Fouling without getting a yellow card is an art form that occupies a chapter of its own in Jim’s coaching manual. The other effect of this is that deep frustration soon grips the opposition. In fact, the key aim of the entire defensive strategy is to psychologically break down the opponent.
When good players are denied the opportunity to play their normal game, they eventually become dispirited and panicky. Witness the number of times Derry players kicked wild efforts for points. The groan from the Derry crowd, the embarrassment for the player, the agitation of the sideline. These are crucial products of the strategy.
Meanwhile, because each Donegal player knows precisely what his role is, he remains focused. Conleth Gilligan runs to the sideline because it is the only place where there is space. As he does, the sweeper in front of him cuts off the pass. Derry’s outfield player either has to avoid the pass or give it accurately along the line, swerving it past the sweeper. Even if Conleth gets it, he is surrounded and ends up being dispossessed or hand-passing it back to the man who gave it to him, usually while on his knees through a thicket of legs. The laws of physics don’t you know.
The extent of Jim’s achievement cannot be overestimated. It is one thing to want to play such a game. It is another entirely to be able to implement it effectively. This requires an ability to perceptively explain to players exactly what their roles are. More importantly, it demands a manager who inspires faith. Since it is repellent to footballers natural instincts, their natural response to it is to reject it. For this reason, the manager has to demonstrate to them quickly that it works. Jim did this.
An unbeaten league (save for the dead rubber at the end) persuaded the group they were in good hands. After the Tyrone victory, any remaining doubts disappeared. After Sunday, even a sceptical Donegal public is now on board.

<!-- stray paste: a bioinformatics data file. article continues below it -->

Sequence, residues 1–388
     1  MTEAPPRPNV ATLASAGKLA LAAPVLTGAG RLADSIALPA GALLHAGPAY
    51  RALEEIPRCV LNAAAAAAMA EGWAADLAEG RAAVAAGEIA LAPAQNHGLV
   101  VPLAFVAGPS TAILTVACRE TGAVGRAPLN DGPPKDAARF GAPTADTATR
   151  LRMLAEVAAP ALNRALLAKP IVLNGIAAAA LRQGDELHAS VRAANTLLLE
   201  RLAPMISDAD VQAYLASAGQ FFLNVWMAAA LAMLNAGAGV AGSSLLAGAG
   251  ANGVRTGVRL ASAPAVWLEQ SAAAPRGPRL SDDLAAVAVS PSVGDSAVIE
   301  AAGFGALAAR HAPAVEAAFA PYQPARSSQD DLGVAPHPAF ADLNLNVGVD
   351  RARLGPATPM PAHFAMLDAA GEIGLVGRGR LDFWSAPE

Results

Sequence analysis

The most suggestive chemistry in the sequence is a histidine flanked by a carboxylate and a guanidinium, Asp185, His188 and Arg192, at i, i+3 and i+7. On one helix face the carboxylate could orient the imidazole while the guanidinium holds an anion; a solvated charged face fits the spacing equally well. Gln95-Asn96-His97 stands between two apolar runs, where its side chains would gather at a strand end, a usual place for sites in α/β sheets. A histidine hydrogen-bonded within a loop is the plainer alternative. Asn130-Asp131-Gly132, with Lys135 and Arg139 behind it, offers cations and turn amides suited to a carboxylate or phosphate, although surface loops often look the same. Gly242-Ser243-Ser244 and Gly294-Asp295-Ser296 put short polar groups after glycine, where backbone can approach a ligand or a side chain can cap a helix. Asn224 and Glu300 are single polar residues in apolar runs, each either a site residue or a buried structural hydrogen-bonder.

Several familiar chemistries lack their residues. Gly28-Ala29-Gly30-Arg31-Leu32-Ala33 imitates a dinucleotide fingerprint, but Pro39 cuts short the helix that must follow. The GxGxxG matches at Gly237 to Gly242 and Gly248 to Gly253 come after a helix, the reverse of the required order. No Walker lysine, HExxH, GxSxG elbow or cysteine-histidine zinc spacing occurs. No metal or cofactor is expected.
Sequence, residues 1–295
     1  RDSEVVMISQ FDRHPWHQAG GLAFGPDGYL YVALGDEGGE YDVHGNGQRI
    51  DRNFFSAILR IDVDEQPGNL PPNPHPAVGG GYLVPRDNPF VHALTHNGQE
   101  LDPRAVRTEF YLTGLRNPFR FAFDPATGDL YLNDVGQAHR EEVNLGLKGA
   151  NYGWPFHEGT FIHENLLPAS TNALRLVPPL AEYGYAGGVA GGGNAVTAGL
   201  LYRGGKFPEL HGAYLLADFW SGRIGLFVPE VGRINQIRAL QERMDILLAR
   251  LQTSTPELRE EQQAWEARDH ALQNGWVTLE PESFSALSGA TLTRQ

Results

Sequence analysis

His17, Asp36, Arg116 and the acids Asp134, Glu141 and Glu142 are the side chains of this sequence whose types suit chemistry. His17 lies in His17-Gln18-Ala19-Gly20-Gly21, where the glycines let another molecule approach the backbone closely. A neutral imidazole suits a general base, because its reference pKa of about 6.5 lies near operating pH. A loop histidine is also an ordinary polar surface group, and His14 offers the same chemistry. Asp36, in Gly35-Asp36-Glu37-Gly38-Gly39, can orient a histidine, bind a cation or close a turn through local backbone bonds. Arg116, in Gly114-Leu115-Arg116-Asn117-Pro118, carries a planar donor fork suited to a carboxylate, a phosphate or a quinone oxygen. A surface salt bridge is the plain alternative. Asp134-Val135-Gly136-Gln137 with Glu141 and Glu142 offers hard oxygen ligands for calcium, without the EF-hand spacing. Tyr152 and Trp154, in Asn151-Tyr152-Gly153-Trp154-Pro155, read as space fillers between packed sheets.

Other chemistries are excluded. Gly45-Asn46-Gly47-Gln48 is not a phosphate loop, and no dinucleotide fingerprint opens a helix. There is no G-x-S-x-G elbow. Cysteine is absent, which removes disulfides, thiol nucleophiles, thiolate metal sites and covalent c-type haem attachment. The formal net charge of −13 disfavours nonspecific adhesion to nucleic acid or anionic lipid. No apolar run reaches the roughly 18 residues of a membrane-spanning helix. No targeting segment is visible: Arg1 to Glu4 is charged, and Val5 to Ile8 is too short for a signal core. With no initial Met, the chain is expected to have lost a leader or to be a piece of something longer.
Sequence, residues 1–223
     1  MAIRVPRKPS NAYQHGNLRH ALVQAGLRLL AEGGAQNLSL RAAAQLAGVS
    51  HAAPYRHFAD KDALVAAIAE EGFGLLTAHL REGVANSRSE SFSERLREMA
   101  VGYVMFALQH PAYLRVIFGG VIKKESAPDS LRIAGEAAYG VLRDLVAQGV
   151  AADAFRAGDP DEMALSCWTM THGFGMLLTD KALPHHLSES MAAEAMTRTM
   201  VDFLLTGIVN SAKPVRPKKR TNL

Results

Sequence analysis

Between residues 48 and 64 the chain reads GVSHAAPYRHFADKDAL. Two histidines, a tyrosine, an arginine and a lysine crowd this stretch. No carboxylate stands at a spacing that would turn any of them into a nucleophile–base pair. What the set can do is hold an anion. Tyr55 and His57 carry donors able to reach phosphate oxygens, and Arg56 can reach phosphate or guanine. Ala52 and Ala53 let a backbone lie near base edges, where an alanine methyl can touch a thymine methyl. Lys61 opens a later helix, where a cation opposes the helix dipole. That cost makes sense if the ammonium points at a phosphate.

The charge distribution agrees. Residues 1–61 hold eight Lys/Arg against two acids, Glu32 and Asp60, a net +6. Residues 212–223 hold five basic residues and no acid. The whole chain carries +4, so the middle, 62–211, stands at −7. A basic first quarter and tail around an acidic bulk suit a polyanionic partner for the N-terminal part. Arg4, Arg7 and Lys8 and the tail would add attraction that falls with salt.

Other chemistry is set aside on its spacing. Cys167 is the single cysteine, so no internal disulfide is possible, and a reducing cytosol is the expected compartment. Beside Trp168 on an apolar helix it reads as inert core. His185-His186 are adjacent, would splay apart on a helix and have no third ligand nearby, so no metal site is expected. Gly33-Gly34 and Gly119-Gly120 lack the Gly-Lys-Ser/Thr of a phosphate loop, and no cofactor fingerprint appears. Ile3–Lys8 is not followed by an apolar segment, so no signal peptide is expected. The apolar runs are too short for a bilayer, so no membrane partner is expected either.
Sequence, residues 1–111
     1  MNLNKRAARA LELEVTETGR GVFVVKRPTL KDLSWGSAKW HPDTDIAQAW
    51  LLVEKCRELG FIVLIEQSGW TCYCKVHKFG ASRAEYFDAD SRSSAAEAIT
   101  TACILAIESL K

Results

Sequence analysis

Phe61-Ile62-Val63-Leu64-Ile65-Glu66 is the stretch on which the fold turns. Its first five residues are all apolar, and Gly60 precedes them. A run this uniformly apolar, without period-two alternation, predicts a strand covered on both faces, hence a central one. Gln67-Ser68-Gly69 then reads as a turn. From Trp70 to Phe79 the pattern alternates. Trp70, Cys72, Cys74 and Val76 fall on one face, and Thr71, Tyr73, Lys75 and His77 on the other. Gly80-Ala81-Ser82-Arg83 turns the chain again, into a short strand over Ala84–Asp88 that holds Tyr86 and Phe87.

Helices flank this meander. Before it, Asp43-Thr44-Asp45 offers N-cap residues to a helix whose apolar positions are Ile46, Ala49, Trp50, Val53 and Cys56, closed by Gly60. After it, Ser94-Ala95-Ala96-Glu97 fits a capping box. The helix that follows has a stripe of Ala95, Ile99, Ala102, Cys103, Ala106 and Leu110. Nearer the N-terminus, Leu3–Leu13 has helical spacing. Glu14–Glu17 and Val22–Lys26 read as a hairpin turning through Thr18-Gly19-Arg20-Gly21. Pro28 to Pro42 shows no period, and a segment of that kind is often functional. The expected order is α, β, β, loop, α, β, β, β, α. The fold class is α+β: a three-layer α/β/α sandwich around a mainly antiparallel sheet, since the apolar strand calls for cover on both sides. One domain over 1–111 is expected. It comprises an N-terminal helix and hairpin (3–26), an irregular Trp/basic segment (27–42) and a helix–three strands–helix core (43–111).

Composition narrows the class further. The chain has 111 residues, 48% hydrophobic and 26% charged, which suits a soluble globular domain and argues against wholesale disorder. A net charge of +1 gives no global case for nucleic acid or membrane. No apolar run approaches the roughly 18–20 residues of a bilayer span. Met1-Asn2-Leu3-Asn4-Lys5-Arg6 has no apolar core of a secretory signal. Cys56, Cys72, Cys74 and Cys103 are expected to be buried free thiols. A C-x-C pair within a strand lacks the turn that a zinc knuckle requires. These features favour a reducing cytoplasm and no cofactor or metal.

The game plan works beautifully. I have heard people say that Michael Murphy (pictured left) is having a poor year. To my mind, he has been the outstanding player of the Ulster Championship. He set up the two goals against Tyrone (only great players have that sort of vision and touch).
On Sunday he kicked two points from play, set up four points and scored the penalty that wasn’t. That is a contribution of 1-6, a point more than Derry’s tally. Look at Michael Hegarty. His career looked over and yet there he was on Sunday, sweeping forward to drive in beautiful long diagonal passes and kick fine points from play. Likewise Colm McFadden. Before this year, he was thought to be flaky. Now he is transformed into a lethal, economical finisher, whose free-taking is absolutely secure.
“Wait till somebody gets four points up against them” a Cavan man said to me outside the ground, which is another fallacy. At the higher level, if anyone goes four points behind they are in trouble.
Anyway, Tyrone were five up and still got swallowed up in the end. Their strategy keeps the scoring rate so low that they only need around 1-10 to win.
“They’ll be well beaten in Croke Park” is another line I heard peddled outside the ground. I couldn’t resist.
“By whom?” I asked.
“Kerry” came the response. When I pointed out that Kerry were the best team in Ireland and asked him who else Donegal couldn’t beat, he fell silent. I for one will not be betting against them.
They are growing in confidence. They take away the opposition’s strength and disguise their own weaknesses. They have a couple of brilliant finishers. They are cynical, smart, tough and fast.
If only everything in life was as reliable as Jim’s blanket. “Vorsprung durch technik, you know like” as they say round Glenties . . .